Ta-Nehisi Coates to Write Black Panther Comic for Marvel

Saturday, September 26th, 2015

Black Panther No. 1 CoverDuring The Atlantic’s New York Ideas seminar in May, Ta-Nehisi Coates interviewed Marvel editor Sana Amanat about — what else? — diversity, and this led to an invitation for Ta-Nehisi Coates to write Black Panther:

Diversity — in characters and creators — is a drumbeat to which the comic book industry is increasingly trying to march. Marvel recently announced the December start of “The Totally Awesome Hulk,” whose title character is Amadeus Cho, a genius Korean-American scientist who will find himself transforming into that emerald behemoth. The book is written by Greg Pak and drawn by Frank Cho, both of whom are Korean-American. (“My wife is Korean, so I scored massive points,” Mr. Alonso said.)

Over at DC, Cyborg, who is black, is starring in his own series (and a film in 2020), and Beth Ross is the first female (and teenage) commander in chief in the biting satire “Prez.” This month Image Comics released “Virgil,” a graphic novel by Steve Orlando and J. D. Faith, about a black, gay cop in the not-so-inclusive Kingston, in Jamaica. “Showing different faces under the masks is very important for everyone,” Mr. Alonso said.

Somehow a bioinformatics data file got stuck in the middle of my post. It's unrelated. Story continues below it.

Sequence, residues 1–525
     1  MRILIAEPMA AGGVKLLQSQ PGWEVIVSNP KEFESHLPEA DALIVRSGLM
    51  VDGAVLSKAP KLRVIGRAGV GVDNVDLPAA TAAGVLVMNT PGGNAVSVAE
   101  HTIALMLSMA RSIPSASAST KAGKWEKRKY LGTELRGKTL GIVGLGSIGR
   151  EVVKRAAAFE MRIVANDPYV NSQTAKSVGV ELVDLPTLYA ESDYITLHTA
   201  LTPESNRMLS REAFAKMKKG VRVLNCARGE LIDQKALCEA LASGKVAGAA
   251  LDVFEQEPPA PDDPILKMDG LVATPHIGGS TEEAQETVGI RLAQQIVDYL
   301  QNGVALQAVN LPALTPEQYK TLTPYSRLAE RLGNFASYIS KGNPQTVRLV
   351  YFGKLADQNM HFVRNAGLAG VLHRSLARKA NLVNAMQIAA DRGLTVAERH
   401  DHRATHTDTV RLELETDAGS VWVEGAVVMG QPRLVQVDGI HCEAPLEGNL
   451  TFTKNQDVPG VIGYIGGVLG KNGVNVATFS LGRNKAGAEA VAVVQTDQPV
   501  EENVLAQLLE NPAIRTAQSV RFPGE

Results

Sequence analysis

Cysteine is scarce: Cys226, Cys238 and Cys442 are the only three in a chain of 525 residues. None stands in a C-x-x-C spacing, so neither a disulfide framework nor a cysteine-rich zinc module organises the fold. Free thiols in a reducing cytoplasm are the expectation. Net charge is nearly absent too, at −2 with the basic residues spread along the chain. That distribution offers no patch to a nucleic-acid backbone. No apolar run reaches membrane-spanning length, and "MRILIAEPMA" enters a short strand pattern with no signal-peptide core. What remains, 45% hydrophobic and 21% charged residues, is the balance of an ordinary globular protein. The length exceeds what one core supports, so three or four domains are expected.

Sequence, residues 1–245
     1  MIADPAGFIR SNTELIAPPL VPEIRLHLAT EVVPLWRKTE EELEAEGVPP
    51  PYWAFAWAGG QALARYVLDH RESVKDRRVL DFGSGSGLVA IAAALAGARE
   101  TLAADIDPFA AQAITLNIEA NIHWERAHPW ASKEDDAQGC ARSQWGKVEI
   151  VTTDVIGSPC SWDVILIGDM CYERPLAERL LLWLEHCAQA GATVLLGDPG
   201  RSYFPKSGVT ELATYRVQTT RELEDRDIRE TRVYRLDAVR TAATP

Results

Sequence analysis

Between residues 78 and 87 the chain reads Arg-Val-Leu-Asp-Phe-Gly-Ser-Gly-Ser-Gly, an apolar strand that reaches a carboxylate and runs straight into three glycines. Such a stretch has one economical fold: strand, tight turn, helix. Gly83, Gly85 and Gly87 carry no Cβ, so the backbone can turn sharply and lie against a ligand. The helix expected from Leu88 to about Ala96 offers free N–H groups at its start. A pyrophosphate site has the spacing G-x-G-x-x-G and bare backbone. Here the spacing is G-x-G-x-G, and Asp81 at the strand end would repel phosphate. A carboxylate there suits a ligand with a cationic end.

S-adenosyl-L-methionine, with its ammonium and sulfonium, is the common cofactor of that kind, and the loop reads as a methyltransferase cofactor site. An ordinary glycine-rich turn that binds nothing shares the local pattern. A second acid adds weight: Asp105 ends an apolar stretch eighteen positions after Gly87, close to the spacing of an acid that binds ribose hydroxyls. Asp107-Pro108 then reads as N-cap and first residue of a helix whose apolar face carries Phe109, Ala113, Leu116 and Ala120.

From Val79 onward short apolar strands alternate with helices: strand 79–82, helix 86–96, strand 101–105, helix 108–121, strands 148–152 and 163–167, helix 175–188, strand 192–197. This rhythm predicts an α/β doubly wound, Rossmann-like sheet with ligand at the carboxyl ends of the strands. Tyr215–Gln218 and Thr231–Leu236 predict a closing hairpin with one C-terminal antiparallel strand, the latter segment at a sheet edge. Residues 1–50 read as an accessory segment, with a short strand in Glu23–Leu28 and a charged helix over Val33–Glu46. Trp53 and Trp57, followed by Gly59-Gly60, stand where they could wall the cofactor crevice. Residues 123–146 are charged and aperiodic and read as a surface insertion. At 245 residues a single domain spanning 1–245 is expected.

1. Rdub says:

    Wasn’t there already a “prez” back in the 70′s?

    Not sure why there needs to be an asian Hulk, but Frank Cho is a phenomenal artist–so at least it will be nice to look at.

    Never had any interest in Black Panther–the character was always a glaringly obvious attempt by Marvel to pander to a black audience.

    Cyborg’s blackness was never addressed as much of an issue that I can remember (Titans fan from the George Perez era), and I did like the character, but his own series? And why a movie of his own when the Teen Titans live-action series seems like it will never be made?

    The comic book fans I knew valued gripping storylines, interesting characters, and exceptional art — pretty much in that order. My half-Korean cousin was a huge Batman fan, and I knew some black Superman and Captain America fans — they didn’t feel compelled to love Power Man or the Black Panther.

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